Colour underscores the success of the Hermès carré collections. In the words of Bali Barret, artistic director of the Hermès women’s universe:
“Everyone approaches colour in a personal way. For me, it is something irrational and instinctive. My desires can be born from a visit to an exhibition or a trip abroad. My work begins with the creation of general ranges, well before the colouring of the prints, because colour is the secret of success for a collection of scarves.
In the multitude of propositions for motifs, it establishes a unity, a homogeneity. These ranges are not recipes, but guides for general ambiance for the colourists in Lyon, who will interpret them with their own sensibility. Moreover, frequently they give the colourists a fancy for complementary ambiances, or even those that are totally different. We are not at all interventionist in the coordination of the colours, because it is variety that gives all the richness to the collections of Hermès carrés.
Of course, there are great classics, ambiances that are recommended according to the seasons. Red, for example, always has a lot of success in winter, because it is much easier to wear it in touches, in the form an accessory, than from head to foot. The eld of possibilities is vaster for carrés than for prêt-à-porter. Colour is what dresses an Hermès carré. Its printed form changes countenance by changing colour. It’s fascinating.
On the other side of the coin, sometimes an ambiance doesn’t tally at all with the spirit of a motif; if that is the case, it is not produced. Finally, there is the material, this silk that gives a freshness, an intensity, a luminosity in addition to its nuances. It plays a large part in the magic of the Hermès carré.”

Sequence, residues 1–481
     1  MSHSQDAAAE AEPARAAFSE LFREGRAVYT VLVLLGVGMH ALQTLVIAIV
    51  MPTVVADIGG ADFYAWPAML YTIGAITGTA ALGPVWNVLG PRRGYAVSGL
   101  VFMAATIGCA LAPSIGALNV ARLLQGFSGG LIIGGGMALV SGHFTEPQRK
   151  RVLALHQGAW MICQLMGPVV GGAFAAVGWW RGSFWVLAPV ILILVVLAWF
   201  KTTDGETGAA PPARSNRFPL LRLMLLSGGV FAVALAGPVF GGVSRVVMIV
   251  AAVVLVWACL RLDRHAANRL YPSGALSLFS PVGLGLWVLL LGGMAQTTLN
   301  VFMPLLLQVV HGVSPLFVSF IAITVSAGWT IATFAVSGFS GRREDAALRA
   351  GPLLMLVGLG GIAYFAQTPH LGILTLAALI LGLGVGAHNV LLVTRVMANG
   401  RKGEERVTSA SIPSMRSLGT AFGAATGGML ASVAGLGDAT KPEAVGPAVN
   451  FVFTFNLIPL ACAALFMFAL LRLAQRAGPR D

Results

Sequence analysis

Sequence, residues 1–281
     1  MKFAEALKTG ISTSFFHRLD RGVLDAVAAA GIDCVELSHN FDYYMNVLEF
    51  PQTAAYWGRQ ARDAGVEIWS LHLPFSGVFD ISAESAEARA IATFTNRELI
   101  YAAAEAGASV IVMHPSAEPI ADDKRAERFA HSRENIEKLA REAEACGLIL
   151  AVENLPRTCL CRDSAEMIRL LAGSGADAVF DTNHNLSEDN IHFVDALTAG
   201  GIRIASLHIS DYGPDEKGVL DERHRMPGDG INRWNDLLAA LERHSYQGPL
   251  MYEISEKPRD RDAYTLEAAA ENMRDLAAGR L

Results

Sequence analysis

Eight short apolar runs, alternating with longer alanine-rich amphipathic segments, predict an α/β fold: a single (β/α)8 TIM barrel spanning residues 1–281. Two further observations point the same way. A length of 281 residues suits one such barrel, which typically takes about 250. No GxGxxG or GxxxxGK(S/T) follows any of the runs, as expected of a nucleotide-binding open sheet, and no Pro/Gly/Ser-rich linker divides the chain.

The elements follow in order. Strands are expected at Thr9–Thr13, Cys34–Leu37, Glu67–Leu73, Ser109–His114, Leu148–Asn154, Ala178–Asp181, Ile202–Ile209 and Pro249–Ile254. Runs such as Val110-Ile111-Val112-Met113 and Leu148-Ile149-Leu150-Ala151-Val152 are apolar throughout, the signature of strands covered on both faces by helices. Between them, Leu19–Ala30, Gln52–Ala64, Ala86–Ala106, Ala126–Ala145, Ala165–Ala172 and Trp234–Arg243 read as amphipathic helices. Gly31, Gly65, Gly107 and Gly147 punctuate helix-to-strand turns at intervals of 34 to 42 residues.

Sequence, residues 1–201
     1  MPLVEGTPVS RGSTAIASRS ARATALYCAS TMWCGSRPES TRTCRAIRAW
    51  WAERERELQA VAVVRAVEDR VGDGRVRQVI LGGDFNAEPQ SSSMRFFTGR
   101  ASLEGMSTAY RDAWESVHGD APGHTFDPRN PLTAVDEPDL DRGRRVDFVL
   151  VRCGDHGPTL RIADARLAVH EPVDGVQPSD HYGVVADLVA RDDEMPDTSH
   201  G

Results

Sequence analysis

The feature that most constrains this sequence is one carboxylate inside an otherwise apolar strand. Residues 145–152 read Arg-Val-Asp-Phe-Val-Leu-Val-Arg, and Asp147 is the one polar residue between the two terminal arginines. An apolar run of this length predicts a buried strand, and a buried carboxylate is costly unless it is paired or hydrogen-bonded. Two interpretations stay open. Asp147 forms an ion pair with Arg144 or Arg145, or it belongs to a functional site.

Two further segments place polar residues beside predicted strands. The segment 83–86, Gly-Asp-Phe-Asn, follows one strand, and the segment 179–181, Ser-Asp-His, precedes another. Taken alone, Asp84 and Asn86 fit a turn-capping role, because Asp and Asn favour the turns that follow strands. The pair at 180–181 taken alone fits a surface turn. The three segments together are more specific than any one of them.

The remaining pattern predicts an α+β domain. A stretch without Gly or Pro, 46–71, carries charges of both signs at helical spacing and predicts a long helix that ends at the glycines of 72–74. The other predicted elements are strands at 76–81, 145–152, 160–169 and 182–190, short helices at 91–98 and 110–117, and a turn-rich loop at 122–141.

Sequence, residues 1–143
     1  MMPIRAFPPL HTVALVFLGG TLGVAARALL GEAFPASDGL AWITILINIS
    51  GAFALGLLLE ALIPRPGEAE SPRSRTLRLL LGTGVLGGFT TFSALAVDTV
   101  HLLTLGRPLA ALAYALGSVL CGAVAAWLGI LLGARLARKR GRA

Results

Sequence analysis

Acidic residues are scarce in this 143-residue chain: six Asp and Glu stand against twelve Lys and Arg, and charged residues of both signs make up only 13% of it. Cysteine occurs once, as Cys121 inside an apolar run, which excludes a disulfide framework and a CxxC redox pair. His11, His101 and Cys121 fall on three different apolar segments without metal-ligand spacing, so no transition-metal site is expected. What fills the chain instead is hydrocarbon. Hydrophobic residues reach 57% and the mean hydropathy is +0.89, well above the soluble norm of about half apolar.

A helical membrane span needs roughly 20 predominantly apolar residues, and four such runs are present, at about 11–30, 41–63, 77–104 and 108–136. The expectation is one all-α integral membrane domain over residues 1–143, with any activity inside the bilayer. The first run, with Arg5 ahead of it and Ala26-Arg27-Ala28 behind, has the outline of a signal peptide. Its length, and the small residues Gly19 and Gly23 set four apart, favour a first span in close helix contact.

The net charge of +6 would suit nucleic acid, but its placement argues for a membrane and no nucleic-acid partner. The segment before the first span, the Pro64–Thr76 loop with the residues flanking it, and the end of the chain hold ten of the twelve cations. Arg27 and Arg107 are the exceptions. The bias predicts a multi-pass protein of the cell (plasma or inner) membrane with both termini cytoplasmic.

At the printer, the rolls of silk twill are unrolled and stretched over tables. The printing starts with the outline, before colours are filled in starting from the smallest to the largest areas, and the darkest to the lightest tones.
The Finishing Touches
After the silk is printed and dried, it is fixed by steam cooking at 103 degrees celcius for an hour, then washed, dried, and cut to size. As the final step, the Hermès carré is given its roulotté, its distinctive rolled hem that is meticulously handsewn by seamstresses, or roulotteuse, using silk threads of an identical colour to that of the border of the scarf.
Quality checks are conducted at every step to ensure that the silk scarf is nothing short of exceptional. Incomparably soft yet supple, the Hermès carré is not just a pleasure to feel against the skin — its unique and vividly hued motifs are also a feast for the eyes. It is, indeed, wearable art.
More than 2,000 designs have been created since 1937. From 1980 onwards, new carré formats beyond the classic 90cm by 90cm have been introduced:
2018 also sees the Hermès classic carré 90cm by 90cm reinvented to the “Wash” carré.
Washed by artisans’ expert hands, each piece undergoes a special sequence of treatments: a unique soaking and washing process that is designed to soften and transform the twill into a relaxed, velvety, and slightly faded piece. This exclusive process makes each scarf unique as the scarf gains a unique patina with downy touch. The best part, Hermès have made it machine washable, isn’t that the perfect proposition for you to incorporate it into your daily wardrobe?